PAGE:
A Publication of WTVP

What is this… and why would I want to know?

The acronyms stand for the financial reporting framework (FRF) for small- and medium-sized entities (SMEs). The FRF for SMEs framework is a new basis of accounting option, developed by the American Institute of Certified Public Accountants (AICPA), for small- and medium-sized entities that require reliable non-GAAP (generally accepted accounting principles) financial statements for internal use and external users. The term financial reporting framework is defined as a set of criteria used to determine measurement, recognition, presentation and disclosure of all material items appearing in the financial statements.

Have you ever asked yourself the following?

You may find that FRF for SMEs is the perfect fit for your accounting needs.

What is a small- and medium-sized entity?
There is no standard definition of SME in the United States. Additionally, the task force and the AICPA who developed the framework deliberately did not quantify size criteria for determining what constitutes a small- and medium-sized entity. Rather, they provided characteristics of typical entities that may utilize the framework. It is important to note these characteristics are not all-inclusive and not intended to be a list of required characteristics entities must possess in order to utilize the framework.

The entity does not have regulatory reporting requirements that require it to use GAAP.

How does the FRF for SMEs framework differ from other special purpose frameworks like tax and cash basis of accounting?
Unlike tax or cash basis of accounting, the FRF for SMEs framework has undergone public exposure and professional scrutiny and contains explicit and comprehensive accounting principles.

Is the FRF for SMEs framework authoritative?
No. The FRF for SMEs framework is a type of special-purpose framework developed by the AICPA. It has not been approved, disapproved or otherwise acted upon by a senior technical committee of the AICPA or the Financial Accounting Standards Board and has no official or authoritative status.

How do CPAs report on financial statements prepared under the FRF for SMEs framework?
CPA practitioners performing audit, review or compilation engagements on financial statements prepared under the FRF for SMEs framework follow the same professional standards as they do when reporting on other special-purpose framework financial statements. The auditor or accountant’s report indicates the basis of accounting on which the financial statements are presented.

How will the FRF for SMEs framework be maintained in the future?
A key feature of the FRF for SMEs framework is that it will be a stable, yet nimble framework. The task force intends to review and propose new amendments every three or four years. Amendments will be primarily based on input from stakeholders and developments in accounting and financial reporting.

How does the FRF for SMEs framework differ from GAAP and avoid needless complexity and cost?
The FRF for SMEs framework is comprised of accounting principles, quite similar to GAAP, but are especially suited and relevant to a typical SME. For example, the framework uses historical cost as its measurement basis and steers away from complicated fair value measurements. The framework does not require complicated accounting for derivatives, hedging or stock compensation, and has no concept of variable interest entities (VIEs). Additionally, the framework’s disclosure requirements are targeted, providing users of financial statements with relevant information while recognizing those users can obtain additional information from management if they desire. Furthermore, the accounting for leases is consistent with the existing and familiar treatment and will not be amended to incorporate the current proposed changes to lease accounting.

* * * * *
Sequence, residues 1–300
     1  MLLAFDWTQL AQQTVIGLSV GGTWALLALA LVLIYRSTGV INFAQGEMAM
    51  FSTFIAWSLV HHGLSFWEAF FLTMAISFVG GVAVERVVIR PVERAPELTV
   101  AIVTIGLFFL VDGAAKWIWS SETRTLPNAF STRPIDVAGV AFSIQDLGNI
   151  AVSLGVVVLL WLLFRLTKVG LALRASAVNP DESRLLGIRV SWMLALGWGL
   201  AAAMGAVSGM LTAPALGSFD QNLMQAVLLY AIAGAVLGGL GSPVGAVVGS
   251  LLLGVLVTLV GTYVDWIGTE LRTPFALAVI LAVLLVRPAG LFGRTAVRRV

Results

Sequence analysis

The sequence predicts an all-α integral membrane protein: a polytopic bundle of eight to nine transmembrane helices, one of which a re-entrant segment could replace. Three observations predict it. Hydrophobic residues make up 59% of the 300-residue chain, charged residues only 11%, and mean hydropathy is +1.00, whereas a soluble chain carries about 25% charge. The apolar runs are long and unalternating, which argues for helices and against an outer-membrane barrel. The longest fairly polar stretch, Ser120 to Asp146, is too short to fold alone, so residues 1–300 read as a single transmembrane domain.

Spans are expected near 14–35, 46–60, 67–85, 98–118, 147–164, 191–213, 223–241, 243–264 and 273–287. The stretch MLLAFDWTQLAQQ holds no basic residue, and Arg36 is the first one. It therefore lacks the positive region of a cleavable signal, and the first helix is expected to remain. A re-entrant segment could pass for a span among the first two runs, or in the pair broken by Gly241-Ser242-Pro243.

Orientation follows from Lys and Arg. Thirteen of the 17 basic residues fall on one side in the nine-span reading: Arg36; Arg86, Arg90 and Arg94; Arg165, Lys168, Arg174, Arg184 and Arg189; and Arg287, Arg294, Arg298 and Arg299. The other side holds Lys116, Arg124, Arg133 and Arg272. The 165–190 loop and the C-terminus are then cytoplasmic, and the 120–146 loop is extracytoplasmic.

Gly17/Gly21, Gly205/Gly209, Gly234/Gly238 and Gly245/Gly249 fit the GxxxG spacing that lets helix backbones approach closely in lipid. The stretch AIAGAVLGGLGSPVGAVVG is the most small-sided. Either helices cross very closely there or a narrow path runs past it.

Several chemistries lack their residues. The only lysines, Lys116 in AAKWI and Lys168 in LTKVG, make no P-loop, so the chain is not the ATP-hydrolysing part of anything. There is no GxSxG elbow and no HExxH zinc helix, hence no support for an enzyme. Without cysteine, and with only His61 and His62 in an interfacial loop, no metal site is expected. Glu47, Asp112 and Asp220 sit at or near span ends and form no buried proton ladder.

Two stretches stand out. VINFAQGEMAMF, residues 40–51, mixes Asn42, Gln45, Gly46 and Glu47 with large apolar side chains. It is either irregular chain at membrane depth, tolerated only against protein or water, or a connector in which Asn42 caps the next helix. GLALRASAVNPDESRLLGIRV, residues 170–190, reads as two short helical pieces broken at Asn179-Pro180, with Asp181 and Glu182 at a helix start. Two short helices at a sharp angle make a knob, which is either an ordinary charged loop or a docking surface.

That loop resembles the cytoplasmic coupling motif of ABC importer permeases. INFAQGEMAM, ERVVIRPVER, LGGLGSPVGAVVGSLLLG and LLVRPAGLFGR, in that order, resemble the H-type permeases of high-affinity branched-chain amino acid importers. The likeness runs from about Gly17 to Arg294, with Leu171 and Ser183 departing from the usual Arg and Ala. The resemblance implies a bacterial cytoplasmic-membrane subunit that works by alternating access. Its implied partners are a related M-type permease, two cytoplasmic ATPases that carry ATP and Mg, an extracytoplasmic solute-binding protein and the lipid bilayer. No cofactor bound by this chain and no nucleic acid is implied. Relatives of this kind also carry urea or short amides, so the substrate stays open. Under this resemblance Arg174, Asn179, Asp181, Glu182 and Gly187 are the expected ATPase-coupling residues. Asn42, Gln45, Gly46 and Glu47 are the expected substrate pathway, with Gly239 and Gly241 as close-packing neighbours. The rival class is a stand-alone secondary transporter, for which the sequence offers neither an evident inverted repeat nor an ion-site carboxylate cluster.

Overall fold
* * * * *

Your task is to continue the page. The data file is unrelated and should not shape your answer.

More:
Will lenders and financial institutions accept financial statements prepared under the FRF for SMEs framework?
Owner-managers and their CPA practitioners will need to consult with lenders and other key external stakeholders about the use of the FRF for SMEs framework. Because of the many commonalities to GAAP and the potential significant cost-benefit factors, the AICPA believes the lending community will accept financial statements prepared under the FRF for SMEs framework.

How does the FRF for SMEs framework fit in with the FAF’s Private Company Council and standard setting in the U.S.?
The AICPA and Financial Accounting Foundation (FAF) are both committed to the private-company financial reporting constituency; however, the objectives of these efforts are different. The FAF’s Private Company Council focuses on modifications to U.S. GAAP for private companies that need or are required to have financial statements prepared in accordance with GAAP, i.e. “Little GAAP.” The FRF for SMEs framework is a concise, highly relevant framework for owner-managers of SMEs and their external stakeholders where U.S. GAAP financial statements are not required.

Ultimately, the decision regarding which accounting framework best meets an entity’s financial reporting needs rests with management. Consult with your CPA practitioner to discuss what financial reporting framework will work best for you. Additional information on the FRF for SMEs framework can also be found on the AICPA’s website at iBi